As we approached Carnarvon I glimpsed a trickle of water in the otherwise dry bed of the mighty Gascoyne River. It shimmered like burnished copper. But, nothing could have prepared me for the force of it.The talk of the day among locals was how high the river had risen every time they checked their phone either in the office or cafe. A colleague suggested driving out to Nine Mile Bridge where there was a small lookout over the River, so I went with someone familiar with the area at the end of the day. Their excitement was contagious, but we looked on in awe for different reasons. My excitement was embedded in the fact this water was the rains that came from a cyclone further north. Muddy red, it carried the heart of the Pilbara mining region, a link that generated a visceral response. With the Gascoyne River being the longest river in Western Australia (nearly 900 kms or 500 plus miles) from Ranges to the sea, it is a spectacular sight to see in motion, the power of it made me step back and away from it.The night before we drove out to a cattle station I could not sleep with excitement, and like an unsettled infant, woke every two hours. The instructions we were given were literally the proverbial ‘mud map’. There was no phone coverage either for the last part of our journey. My colleague brought her esky and we filled it with sandwiches, fruit and lots of water. We wore casual clothing and sturdy shoes. We grinned at the road ahead and left town early morning all set for an adventure on roads neither of us had travelled before. Just as well we took food, the station was expecting floods and everything was placed on higher ground. The road we turned off from the major highway was signposted. The ink ran dry from there on. We saw some petrol tins on wooden stakes, no doubt, meaningful to someone but for us it left more questions than answers. Every few kms we hoped we were on the right track, and track it was, unsealed and deeply corrugated as rain had come through the area but not yet reached Carnarvon. The last 20 kms was an especially bone-crunching drive as we bounced in the cabin, our voices becoming high pitched or subdued, every time a jolt took us by surprise. The family was expecting us and told us if we did not show up at the homestead within the designated time frame they would come out to look for us. I wasn’t sure if I felt reassured by this! We were, in Australian vernacular, beyond the black stump. We did see some cattle along the way. It is mustering season so we were somewhat reassured, although we could not see anyone or hear any mustering choppers, there were people around some where in this vast landscape. No landmarks to guide us but the straight track, we reasoned, it had to lead to the cattle station and it did. Eventually.The homestead was a lovely period building, brick, fibro and tin but being a private home, I did not take photographs. The high ceilings kept the temperature cool indoors and the rooms were dark. We could not see what we were doing so we sat on the verandah under a tin roof for several hours. It was hot and beads of perspiration slid down the length of my spine. I could not help noticing there were several shovels scattered around the verandah. With no garden in sight, the owner confirmed, they were kept handy and within reach, for killing snakes! If nothing else convinced us, this did. We were in the outback.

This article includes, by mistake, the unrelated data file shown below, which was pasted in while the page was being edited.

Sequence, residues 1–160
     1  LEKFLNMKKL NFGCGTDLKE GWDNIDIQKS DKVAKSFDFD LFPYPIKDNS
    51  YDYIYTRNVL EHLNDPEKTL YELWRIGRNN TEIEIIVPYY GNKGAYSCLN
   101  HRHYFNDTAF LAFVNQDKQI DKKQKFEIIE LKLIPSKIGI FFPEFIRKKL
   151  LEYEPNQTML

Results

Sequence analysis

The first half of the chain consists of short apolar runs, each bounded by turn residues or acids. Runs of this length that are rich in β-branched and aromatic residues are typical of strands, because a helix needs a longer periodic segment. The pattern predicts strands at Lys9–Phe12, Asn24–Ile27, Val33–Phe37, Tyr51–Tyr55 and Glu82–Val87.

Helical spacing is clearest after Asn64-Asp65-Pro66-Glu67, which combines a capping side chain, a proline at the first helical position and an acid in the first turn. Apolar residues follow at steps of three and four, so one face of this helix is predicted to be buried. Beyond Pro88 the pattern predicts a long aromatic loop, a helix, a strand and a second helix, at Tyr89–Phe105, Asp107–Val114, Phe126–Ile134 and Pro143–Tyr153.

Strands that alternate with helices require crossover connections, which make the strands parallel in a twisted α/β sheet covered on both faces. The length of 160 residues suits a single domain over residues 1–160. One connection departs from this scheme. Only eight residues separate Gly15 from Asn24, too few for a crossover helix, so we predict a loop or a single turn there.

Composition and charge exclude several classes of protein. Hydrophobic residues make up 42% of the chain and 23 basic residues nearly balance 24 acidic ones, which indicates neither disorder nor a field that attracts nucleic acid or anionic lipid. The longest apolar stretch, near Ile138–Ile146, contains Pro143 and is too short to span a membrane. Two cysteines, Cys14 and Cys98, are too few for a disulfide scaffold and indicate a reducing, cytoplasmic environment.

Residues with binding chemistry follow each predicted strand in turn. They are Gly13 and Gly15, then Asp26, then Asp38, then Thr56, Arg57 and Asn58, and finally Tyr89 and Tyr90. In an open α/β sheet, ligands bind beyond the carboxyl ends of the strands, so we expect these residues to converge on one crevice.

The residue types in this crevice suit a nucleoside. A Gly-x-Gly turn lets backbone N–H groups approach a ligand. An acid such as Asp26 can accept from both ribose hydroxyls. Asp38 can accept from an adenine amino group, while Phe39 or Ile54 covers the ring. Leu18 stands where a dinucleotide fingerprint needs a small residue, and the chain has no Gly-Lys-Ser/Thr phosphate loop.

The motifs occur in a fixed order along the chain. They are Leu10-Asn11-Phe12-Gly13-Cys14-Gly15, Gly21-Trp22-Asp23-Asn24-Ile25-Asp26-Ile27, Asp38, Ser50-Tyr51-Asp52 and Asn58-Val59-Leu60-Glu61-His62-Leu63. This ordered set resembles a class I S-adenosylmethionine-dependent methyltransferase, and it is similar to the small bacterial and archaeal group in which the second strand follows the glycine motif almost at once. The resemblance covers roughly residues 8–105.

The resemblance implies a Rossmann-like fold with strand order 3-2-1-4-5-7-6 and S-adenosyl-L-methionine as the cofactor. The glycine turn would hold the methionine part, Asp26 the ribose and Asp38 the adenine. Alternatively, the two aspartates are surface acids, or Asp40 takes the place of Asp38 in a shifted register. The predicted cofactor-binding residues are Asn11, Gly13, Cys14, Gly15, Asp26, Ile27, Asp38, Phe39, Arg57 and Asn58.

Concentrating on work for hours made us hungry as we headed back to Carnarvon. We were told there was a picnic spot en route, closer to town, and we decided to have our lunch there. Beautiful it was, but in the heat and no shade, we sat in the 4WD on the banks of Rocky Pool and watched the Gascoyne River flow. We ate our lunch in silence, and took it all in. I feel lucky to travel to these parts with a colleague who appreciates this in silence, like I do.